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No. 00-1250

(D.C. No. 96-Z-2208)



Before SEYMOUR and McKAY, Circuit Judges, and BRORBY, Senior Circuit Judge.

Michael Sean Edmond brought this civil rights complaint under 42 U.S.C. §§ 2000e- 2000e-17, Title VII, alleging that defendant discriminated against him on the basis of race in terminating his employment. The district court dismissed the action for failure to exhaust administrative remedies. This court concluded on appeal that Mr. Edmond had exhausted his remedies prior to the entry of the district court's judgment, vacated the dismissal and remanded for further proceedings. See Michael Sean Edmond v. Athlete's Foot Group, No. 96-1536, 1997 WL 699053 (10th Cir. Nov. 10, 1997). On remand, the district court granted defendant's motion for summary judgment. Mr. Edmond's motion for reconsideration was denied, and he again appeals.

We turn first to the scope of our review. The district court's grant of summary judgment was filed May 3, 1999. Mr. Edmond filed his motion for reconsideration on May 23, 2000, almost one year later. The district court denied the motion on May 31, 2000, and Mr. Edmond filed a notice of appeal on June 20, 2000. The Federal Rules of Civil Procedure do not recognize a "motion for reconsideration." See Van Skiver v. United States, 952 F.2d 1241, 1243 (10th Cir. 1992). When, as here, a motion styled as a motion to reconsider is filed more than ten days after entry of the judgment, it is deemed one brought pursuant to Rule 60(b). Id. A motion under Rule 60(b), however, does not toll the time for filing a notice of appeal from the underlying judgment.(1) See Hatfield v. Bd. of County Comm'rs, 52 F.3d 858, 861 (10th Cir. 1995). Accordingly, this court has jurisdiction to review only the district court's denial of the motion for reconsideration and not the underlying judgment itself.

Relief under Rule 60(b) is a matter within the district court's discretion and is to be granted only in exceptional circumstances. Van Skiver, 952 F.2d at 1243. The only ground raised in Mr. Edmond's motion for reconsideration is his claim that the district judge should have recused herself because she had presided over criminal proceedings in which Mr. Edmond was a party. On appeal, Mr. Edmond continues to assert that the judge should have recused herself due to her participation in his criminal case and his subsequent action under 28 U.S.C. § 2255. This argument is without merit on two grounds.

First, Mr. Edmond's request for recusal is not timely. The disqualification of a federal judge is governed in the present circumstances by 28 U.S.C. § 455.(2) "Although this circuit has not attempted to define the precise moment at which a § 455(a) motion to recuse becomes untimely, our precedent requires a party to act promptly once it knows of the facts on which it relies in its motion." United States v. Pearson, 203 F.3d 1243, 1276 (10th Cir.), cert. denied, 530 U.S. 1268 (2000). The record in this case reveals that Mr. Edmond was on notice as early as February 23, 1998, that his case had been assigned to the same district judge who had presided over his criminal proceedings. See rec., doc. 41. Mr. Edmond argues on appeal that he was going to raise the issue of recusal at a hearing on April 27, 1999, but was unable to attend due to a traffic jam; however, he had notice of the facts underlying his recusal request long before that date. We therefore conclude that his request is not timely.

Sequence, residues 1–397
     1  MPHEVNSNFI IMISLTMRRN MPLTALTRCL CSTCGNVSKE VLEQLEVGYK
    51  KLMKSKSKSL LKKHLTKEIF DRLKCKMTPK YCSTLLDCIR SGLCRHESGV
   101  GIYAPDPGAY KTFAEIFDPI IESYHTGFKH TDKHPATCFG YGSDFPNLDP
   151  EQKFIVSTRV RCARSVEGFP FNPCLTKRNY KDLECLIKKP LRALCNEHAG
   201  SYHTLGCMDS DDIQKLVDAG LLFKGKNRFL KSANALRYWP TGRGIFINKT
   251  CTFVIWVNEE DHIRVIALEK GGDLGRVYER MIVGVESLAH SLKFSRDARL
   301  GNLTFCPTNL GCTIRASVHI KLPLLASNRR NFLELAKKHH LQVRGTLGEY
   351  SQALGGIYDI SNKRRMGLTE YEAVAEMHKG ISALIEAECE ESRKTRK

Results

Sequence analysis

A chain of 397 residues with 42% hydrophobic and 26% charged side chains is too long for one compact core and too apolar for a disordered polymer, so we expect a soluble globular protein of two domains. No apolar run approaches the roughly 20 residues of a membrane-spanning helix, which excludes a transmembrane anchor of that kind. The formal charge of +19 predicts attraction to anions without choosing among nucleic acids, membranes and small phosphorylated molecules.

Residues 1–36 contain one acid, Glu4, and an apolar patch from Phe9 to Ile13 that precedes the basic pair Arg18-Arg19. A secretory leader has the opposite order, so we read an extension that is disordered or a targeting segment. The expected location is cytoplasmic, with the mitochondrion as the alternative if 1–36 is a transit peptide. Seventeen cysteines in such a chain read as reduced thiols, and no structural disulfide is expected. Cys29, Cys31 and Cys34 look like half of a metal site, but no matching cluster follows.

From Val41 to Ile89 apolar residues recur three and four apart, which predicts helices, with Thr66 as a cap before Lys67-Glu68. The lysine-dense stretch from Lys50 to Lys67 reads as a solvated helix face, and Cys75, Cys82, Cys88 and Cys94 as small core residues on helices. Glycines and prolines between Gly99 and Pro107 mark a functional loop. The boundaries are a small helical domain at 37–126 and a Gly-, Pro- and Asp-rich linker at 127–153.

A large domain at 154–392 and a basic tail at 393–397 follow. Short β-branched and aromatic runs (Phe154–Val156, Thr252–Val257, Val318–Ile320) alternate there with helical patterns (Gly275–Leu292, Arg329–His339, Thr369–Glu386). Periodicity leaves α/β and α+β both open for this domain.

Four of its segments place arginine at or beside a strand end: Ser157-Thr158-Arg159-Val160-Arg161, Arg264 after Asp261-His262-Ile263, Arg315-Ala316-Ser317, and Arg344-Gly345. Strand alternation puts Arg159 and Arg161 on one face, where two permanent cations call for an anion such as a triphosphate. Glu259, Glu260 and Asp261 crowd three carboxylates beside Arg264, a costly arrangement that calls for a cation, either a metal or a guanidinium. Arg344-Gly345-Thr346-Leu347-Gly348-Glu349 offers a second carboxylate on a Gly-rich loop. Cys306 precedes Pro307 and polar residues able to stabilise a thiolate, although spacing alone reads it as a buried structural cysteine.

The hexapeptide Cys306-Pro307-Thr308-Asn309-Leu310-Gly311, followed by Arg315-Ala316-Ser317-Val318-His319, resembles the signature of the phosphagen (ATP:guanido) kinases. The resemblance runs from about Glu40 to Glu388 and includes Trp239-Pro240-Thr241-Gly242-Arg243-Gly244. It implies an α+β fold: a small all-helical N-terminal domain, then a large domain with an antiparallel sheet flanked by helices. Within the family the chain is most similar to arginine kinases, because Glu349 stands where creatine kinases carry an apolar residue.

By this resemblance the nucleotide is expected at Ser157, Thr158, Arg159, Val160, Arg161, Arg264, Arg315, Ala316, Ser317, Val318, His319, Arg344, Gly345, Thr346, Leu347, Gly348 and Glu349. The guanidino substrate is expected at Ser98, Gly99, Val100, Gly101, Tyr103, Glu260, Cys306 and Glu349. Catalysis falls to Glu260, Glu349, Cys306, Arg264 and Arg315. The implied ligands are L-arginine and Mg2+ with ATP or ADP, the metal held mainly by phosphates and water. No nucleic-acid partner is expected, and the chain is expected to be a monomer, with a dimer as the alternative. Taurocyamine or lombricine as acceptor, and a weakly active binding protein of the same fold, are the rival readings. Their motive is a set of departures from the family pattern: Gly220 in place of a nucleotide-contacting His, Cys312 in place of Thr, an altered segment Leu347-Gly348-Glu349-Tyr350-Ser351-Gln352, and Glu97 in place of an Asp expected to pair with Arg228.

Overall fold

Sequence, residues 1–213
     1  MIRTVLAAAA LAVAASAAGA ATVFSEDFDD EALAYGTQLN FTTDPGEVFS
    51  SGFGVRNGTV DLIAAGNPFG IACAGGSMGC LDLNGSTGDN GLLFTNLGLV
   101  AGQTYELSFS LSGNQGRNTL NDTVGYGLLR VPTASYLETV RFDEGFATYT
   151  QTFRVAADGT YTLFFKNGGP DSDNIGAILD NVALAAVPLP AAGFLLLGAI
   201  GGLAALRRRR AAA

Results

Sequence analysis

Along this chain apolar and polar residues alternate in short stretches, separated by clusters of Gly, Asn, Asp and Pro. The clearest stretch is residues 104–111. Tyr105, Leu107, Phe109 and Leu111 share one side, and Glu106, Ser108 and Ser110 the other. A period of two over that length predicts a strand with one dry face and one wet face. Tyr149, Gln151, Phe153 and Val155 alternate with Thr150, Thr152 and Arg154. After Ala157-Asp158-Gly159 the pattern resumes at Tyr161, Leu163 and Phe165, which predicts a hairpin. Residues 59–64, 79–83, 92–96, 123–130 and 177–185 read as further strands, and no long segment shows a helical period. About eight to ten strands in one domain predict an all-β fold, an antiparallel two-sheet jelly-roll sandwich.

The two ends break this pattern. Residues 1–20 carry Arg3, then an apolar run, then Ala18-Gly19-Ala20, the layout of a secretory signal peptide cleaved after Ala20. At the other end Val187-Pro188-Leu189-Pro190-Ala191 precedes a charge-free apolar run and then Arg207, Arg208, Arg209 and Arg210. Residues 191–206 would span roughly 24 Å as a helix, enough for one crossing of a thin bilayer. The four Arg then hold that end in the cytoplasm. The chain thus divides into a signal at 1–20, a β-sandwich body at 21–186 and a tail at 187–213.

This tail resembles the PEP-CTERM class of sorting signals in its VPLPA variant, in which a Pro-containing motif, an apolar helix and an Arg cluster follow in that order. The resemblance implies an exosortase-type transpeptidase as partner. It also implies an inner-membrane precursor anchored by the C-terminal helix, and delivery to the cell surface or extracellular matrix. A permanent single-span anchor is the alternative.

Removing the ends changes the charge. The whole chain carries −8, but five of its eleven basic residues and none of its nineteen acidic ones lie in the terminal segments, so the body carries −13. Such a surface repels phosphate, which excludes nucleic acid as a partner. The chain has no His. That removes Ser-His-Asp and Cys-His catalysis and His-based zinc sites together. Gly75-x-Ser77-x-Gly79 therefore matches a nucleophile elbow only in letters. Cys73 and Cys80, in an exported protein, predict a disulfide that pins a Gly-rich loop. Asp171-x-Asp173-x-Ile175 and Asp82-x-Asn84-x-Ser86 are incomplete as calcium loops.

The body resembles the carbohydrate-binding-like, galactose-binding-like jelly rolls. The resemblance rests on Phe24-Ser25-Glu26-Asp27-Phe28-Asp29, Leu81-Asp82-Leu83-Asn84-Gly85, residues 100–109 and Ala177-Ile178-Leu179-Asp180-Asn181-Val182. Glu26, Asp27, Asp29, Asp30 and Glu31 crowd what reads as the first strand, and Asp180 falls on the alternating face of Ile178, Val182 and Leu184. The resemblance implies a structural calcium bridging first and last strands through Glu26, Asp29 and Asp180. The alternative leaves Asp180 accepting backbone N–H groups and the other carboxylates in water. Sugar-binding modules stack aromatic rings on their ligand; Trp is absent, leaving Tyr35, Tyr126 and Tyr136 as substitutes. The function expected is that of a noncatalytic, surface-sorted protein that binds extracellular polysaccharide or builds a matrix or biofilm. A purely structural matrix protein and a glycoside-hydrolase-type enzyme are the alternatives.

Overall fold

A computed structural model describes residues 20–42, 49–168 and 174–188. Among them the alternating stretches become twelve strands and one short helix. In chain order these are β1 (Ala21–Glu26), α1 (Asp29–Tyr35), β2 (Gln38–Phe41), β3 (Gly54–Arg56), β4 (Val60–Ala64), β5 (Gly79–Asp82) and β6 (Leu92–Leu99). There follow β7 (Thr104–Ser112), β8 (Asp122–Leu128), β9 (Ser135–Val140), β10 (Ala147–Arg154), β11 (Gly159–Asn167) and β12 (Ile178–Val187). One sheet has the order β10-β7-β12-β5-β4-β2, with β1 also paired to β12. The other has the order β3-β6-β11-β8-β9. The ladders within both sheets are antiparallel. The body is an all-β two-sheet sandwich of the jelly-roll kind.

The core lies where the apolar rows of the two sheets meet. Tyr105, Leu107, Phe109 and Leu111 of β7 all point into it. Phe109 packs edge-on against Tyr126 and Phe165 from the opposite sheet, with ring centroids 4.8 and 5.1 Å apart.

In addition, Mr. Edmond has not presented sufficient grounds to support a recusal request. Without more, the fact that a judge presided in a previous criminal matter involving a party is not a valid ground for recusal. See Liteky v. United States, 510 U.S. 540, 555 (1994); Green v. Dorrell, 969 F.2d 915, 919 (10th Cir. 1992); United States v. Prichard, 875 F.2d 789, 791 (10th Cir. 1989) (per curiam); see also United States v. Arena, 180 F.3d 380, 398 (2d Cir. 1999). Accordingly, Mr. Edmond's request for recusal, even if timely, is not appropriate.

The district court denied Mr. Edmond leave to proceed on appeal in forma pauperis, and Mr. Edmond renews his request before this court. We conclude that this appeal is not taken in good faith because Mr. Edmond has failed to show the existence of a reasoned, nonfrivolous argument on the law and the facts in

support of the issues raised. See McIntosh v. U.S. Parole Comm'n, 115 F.3d 809,

812-13 (10th Cir. 1997). Accordingly, we deny his request to proceed in forma pauperis and DISMISS his appeal.


Stephanie K. Seymour

Circuit Judge

Click footnote number to return to corresponding location in the text.

*.After examining appellant's brief and the appellate record, this panel has determined unanimously that oral argument would not materially assist the determination of this appeal. See Fed. R. App. P. 34(a)(2) and 10th Cir. R. 34.1(G). The case is therefore submitted without oral argument. This order and judgment is not binding precedent, except under the doctrines of law of the case, res judicata, or collateral estoppel. The court generally disfavors the citation of orders and judgments; nevertheless, an order and judgment may be cited under the terms and conditions of 10th Cir. R. 36.3.

1. Although Mr. Edmond cited Rule 60(b) in both his motion to reconsider and his notice of appeal, in his notice of appeal he appeals both the denial of his motion to reconsider and the order granting defendant's motion for summary judgment.

2. Judicial disqualifications proceed under either 28 U.S.C. § 144, or 28 U.S.C. § 455. Section 144 requires the party seeking recusal to file a timely and sufficient affidavit alleging personal bias or prejudice on the part of the judge before whom the matter is pending. Mr. Edmond did not file such an affidavit, and section 144 is therefore not at issue.

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